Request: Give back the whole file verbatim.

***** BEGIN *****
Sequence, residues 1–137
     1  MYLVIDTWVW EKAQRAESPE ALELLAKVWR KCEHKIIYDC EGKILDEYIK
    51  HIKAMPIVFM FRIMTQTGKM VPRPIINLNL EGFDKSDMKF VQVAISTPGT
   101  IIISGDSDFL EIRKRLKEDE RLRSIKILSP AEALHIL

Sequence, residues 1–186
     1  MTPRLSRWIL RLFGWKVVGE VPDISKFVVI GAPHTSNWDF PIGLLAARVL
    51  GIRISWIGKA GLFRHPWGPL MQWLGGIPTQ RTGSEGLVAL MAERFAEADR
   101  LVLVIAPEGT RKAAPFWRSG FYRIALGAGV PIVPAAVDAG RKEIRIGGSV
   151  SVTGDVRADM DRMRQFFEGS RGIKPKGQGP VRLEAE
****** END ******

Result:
Sequence, residues 1–137
     1  MYLVIDTWVW EKAQRAESPE ALELLAKVWR KCEHKIIYDC EGKILDEYIK
    51  HIKAMPIVFM FRIMTQTGKM VPRPIINLNL EGFDKSDMKF VQVAISTPGT
   101  IIISGDSDFL EIRKRLKEDE RLRSIKILSP AEALHIL

Sequence, residues 1–186
     1  MTPRLSRWIL RLFGWKVVGE VPDISKFVVI GAPHTSNWDF PIGLLAARVL
    51  GIRISWIGKA GLFRHPWGPL MQWLGGIPTQ RTGSEGLVAL MAERFAEADR
   101  LVLVIAPEGT RKAAPFWRSG FYRIALGAGV PIVPAAVDAG RKEIRIGGSV
   151  SVTGDVRADM DRMRQFFEGS RGIKPKGQGP VRLEAE